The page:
Grand Prince

(redirected from Velikii kniaz)
The following article is from The Great Soviet Encyclopedia (1979). It might be outdated or ideologically biased.

Grand Prince

 

(velikii kniaz’, after 1533 usually translated as grand duke), in Kievan Rus’ and during the period of feudal fragmentation, the title held by the chief of all princes (from the tenth century, the grand prince of Kiev; from the 13th century, the grand prince of Vladimir) and from the 12th to 14th centuries, also by the rulers of the major principalities, which included within them vassal appanage principalities (the grand princes of Moscow, Tver’, Yaroslavl, Riazan’, Smolensk, Nizhny Novgorod, and others). After the creation of the centralized Russian state (late 15th and early 16th centuries), the title of grand duke was held only by the grand duke of Moscow; in 1547, it became part of the tsar’s title and in 1721, part of the emperor’s. In the Russian Empire members of the imperial family were called grand dukes. During the 14th to 16th centuries the feudal rulers of Lithuania also bore the title of grand duke. In 1569 the title of Grand Duke of Lithuania became part of the Polish royal title.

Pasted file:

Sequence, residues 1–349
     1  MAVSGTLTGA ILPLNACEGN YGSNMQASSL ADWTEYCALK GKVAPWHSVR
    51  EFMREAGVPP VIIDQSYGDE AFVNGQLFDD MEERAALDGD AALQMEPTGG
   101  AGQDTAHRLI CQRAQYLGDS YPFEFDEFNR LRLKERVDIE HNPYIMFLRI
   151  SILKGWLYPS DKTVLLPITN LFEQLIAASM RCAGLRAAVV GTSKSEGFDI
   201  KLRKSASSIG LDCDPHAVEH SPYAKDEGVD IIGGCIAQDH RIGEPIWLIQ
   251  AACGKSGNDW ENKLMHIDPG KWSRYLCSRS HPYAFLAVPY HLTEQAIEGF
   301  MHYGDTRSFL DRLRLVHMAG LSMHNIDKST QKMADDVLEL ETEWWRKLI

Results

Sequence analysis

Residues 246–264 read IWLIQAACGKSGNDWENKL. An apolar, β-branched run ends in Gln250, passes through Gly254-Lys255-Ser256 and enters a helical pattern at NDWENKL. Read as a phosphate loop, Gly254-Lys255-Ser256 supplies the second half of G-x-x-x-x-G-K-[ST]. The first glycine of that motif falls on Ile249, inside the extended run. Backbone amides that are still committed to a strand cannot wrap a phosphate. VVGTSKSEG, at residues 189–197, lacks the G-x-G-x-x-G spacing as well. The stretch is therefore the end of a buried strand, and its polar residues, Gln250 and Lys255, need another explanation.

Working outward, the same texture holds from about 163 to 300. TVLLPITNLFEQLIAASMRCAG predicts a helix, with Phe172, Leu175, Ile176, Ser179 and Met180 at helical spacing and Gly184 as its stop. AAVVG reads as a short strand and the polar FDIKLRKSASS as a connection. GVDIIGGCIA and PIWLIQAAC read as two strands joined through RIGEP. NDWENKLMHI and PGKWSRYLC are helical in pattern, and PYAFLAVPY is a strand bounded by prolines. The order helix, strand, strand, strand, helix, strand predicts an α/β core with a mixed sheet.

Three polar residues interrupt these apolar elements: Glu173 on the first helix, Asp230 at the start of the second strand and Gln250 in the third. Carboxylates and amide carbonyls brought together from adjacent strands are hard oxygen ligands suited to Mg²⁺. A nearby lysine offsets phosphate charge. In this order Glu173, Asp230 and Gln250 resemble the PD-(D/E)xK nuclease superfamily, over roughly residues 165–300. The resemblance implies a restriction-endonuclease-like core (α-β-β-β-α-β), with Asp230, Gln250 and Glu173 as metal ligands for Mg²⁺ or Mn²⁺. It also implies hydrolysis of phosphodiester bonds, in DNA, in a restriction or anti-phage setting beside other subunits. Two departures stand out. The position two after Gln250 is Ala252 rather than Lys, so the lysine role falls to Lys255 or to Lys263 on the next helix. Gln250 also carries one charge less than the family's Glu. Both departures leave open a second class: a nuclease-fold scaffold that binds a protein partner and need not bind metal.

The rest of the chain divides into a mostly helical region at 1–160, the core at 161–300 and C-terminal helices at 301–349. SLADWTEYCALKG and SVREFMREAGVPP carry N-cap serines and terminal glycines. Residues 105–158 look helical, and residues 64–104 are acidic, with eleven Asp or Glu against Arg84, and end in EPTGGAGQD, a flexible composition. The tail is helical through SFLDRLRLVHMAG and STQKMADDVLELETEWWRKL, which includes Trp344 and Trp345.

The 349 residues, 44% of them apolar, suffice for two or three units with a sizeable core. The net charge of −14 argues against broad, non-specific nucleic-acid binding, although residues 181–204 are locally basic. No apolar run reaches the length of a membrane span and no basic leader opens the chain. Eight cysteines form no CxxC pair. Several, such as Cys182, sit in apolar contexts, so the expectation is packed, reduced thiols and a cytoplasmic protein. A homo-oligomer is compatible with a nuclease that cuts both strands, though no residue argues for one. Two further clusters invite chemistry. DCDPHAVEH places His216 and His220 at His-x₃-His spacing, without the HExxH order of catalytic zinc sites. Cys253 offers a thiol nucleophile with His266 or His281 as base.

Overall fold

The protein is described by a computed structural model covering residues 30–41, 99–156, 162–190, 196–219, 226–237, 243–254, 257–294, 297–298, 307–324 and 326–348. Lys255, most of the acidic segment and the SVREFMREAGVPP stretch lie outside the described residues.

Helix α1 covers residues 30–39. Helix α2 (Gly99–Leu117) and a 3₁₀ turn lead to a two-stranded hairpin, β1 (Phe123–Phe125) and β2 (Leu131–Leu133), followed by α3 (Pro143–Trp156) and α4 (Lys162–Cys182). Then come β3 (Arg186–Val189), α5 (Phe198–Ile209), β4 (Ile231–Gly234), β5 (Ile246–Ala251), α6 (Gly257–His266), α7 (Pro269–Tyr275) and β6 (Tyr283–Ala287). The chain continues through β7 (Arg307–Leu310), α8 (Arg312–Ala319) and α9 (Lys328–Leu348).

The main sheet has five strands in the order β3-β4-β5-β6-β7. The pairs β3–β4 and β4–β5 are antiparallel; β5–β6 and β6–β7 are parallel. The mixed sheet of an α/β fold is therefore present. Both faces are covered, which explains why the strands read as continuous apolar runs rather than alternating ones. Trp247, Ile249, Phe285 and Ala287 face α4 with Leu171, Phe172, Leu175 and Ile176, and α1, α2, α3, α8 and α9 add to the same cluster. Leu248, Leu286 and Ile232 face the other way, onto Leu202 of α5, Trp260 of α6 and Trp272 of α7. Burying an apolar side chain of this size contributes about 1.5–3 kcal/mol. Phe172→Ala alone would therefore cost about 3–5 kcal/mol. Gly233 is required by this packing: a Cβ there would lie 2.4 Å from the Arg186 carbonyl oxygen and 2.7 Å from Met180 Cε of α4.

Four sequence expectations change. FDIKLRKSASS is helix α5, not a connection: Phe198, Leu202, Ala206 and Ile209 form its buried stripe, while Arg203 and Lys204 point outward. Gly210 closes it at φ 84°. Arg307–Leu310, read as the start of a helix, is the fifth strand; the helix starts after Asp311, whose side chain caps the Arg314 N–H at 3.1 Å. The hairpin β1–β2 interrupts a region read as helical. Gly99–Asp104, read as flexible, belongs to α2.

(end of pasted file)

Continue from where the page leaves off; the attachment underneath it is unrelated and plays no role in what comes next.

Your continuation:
V. B. KOBRIN

The Great Soviet Encyclopedia, 3rd Edition (1970-1979). © 2010 The Gale Group, Inc. All rights reserved.
References in periodicals archive ?
Yet he also seems to accept that princeps can be translated as kniaz' or gosudar', or used in the form Magnus Dux (velikii kniaz') to distinguish the Muscovite ruler from the German Imperator (Kaiser) or the Latin rex (king) which was used in Poland.
To proceed to kniaz' and velikii kniaz': it is usually translated as "prince," or "grand prince" in the case of the actual ruler of pre-imperial Russia, states Filiushkin.
Danilov, Velikii Kniaz' Nikolai Nikolaevich, Paris: Imprimerie de Navaree, 1930, 281.
Ganelin, "Velikii kniaz" Mikhail Meksandrovich i Nikolai II," Dora Romanovykh v istorii Rossii (St.
Sukhomlinov, Velikii Kniaz' Nikolai Nikolaevich (mladshii), Berlin: Izdanie Avtora, 1925.
Poppe then provides two studies of the title "grand prince" (velikii kniaz') in Kievan Rus'.